Colossians Devotional | The Aim of Your Sufferings
Colossians: Christ Above and Before All
The Glory of God Revealed in Jesus
The Aim of Your Sufferings
“1 For I want you to know how great a struggle I have for you and for those at Laodicea and for all who have not seen me face to face, 2 that their hearts may be encouraged, being knit together in love, to reach all the riches of full assurance of understanding and the knowledge of God's mystery, which is Christ, 3 in whom are hidden all the treasures of wisdom and knowledge.” - (Colossians 2:1-3)
Do you know anyone who makes big displays of their suffering or trials, trying to get a lot of attention? The sort of person who likes to play the “martyr,” hoping that victimhood will get everyone to pity them for every little bad or tough thing in their life?
That’s not the Apostle Paul, though his trials and sufferings are put on display throughout the book of Acts and in his letters. He wants “you to know how great a struggle (he has) for you...and for all who have not seen me face to face.” Why does he want you to know that he cries, he prays, he exhausts himself, and he’s been beaten and imprisoned for the sake of spreading the gospel? So that your “hearts may be encouraged.” So we’ll be “knit together in love.” So we’ll “reach all the riches of full assurance,” understanding the mystery of God in Christ.
He doesn’t want his sufferings to draw attention to himself--he wants his sufferings to draw attention to God. He wants to draw attention to how worthy Jesus is. So worthy that Paul was willing to forego marriage, forego raising his own family, leave behind great wealth and comfort, and lose popularity and the approval of most of the world around him. You can tell just how valuable something is to you by looking at what you’re willing to give up--by how much you’re willing to hurt for it.
Paul is aiming his suffering toward this goal: seeing people believe in Jesus; having their sin forgiven; having their shame washed away; being born again into a new life; knowing, enjoying, and following the Lord. He was willing to go through just about anything so that we’d meet Jesus.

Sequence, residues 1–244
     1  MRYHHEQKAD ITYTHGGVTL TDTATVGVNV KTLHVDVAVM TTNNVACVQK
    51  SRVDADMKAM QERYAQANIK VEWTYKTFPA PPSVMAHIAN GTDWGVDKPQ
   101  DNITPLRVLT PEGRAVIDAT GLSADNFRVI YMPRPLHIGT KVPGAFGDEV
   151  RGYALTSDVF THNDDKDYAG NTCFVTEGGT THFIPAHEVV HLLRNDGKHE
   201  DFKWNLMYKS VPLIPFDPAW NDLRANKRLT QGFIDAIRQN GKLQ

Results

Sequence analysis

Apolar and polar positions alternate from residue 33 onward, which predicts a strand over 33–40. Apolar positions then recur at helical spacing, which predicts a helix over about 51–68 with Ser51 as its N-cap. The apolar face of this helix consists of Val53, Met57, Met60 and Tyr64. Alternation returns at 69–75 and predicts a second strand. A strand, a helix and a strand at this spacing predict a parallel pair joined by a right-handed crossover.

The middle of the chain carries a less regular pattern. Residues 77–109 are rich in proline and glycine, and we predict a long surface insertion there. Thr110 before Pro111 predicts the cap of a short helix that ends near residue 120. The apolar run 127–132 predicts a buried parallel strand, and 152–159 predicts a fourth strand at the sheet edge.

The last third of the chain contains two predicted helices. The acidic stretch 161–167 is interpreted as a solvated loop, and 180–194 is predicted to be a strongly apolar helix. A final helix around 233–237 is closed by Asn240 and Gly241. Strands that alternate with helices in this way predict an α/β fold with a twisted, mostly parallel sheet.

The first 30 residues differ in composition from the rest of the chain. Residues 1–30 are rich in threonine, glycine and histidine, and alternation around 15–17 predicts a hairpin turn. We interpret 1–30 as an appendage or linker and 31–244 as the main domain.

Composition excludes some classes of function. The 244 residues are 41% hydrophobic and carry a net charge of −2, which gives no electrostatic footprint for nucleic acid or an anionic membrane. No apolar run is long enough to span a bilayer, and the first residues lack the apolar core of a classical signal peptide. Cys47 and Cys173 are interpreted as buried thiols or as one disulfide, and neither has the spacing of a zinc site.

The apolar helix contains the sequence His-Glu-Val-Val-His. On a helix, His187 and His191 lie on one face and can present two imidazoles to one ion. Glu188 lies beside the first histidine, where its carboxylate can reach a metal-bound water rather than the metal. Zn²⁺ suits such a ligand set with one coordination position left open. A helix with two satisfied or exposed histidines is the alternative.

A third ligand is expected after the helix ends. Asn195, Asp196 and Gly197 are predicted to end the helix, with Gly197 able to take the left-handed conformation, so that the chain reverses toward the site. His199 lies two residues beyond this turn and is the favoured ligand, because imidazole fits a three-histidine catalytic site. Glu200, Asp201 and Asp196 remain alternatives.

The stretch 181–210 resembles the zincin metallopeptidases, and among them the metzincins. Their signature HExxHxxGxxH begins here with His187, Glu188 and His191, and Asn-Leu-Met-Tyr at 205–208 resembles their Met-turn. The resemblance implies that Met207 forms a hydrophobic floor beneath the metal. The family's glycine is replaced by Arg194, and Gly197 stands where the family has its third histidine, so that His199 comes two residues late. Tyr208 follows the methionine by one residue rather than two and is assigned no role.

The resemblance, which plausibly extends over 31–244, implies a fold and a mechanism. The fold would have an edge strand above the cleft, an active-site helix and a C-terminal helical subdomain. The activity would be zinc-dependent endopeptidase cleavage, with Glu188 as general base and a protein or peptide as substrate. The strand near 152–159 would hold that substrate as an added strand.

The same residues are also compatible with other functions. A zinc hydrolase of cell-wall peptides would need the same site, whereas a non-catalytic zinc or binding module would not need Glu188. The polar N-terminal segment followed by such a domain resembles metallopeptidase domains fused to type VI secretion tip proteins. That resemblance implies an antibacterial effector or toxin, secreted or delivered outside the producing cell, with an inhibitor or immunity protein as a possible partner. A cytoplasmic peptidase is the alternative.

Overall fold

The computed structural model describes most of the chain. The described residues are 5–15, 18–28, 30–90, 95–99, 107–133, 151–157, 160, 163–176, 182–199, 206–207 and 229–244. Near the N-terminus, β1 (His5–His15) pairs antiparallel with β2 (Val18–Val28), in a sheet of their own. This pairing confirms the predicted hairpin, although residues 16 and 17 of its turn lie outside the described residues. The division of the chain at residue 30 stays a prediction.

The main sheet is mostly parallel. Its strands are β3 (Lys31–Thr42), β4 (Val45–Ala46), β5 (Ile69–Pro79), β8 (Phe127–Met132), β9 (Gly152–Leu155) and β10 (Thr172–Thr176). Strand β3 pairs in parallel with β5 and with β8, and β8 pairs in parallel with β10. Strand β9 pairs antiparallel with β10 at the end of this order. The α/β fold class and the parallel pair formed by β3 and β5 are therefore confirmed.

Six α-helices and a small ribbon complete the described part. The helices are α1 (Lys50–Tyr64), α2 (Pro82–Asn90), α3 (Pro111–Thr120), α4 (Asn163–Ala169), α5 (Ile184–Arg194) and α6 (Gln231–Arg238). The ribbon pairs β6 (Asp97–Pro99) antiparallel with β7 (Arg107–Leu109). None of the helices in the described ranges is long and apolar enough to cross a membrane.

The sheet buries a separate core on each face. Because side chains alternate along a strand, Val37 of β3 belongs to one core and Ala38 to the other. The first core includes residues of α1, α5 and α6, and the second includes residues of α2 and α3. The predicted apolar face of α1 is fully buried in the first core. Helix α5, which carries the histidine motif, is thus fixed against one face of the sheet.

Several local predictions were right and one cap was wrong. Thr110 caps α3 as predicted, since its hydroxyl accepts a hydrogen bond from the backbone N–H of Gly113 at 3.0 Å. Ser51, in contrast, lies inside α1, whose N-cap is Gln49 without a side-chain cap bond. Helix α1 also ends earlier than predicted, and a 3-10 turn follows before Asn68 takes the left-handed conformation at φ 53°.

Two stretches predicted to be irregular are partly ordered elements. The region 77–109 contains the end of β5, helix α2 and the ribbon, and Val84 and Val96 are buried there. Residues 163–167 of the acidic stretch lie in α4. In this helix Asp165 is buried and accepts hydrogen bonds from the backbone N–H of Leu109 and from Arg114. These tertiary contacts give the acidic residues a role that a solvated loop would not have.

In his letter to the church in Philippi, he says (4:9): “What you have learned and received and heard and seen in me--practice these things, and the God of peace will be with you.” Paul wants us to believe what he believes and love who he loves, not because he thinks a lot of himself, but because he knows the gospel is true and that the love of God is greater and above all other things. He’ll do anything he can--anything God will let him do--to get us there.
If you’re a Christian, who did God use to bring you to Jesus? What did they do? What did it cost them? How much time and energy did they have to spend? Take time to pray in thankfulness for those people today. If possible, reach out to them and thank them for aiming the toil and difficulty of their work at your salvation.
What are you willing to suffer for? What are the things in your life that you’re spending the most time, energy, thinking, heart-real-estate, and money on? That’s the most important stuff in your life. How does your value of the Lord measure up in cost?
Who is the Lord calling you to pour your life out for? God’s given you the time, space, tools, and opportunity to reach someone around you. Who needs your sufferings to paint the picture of the gospel to them, so they might get a clue about Jesus’ suffering for their salvation?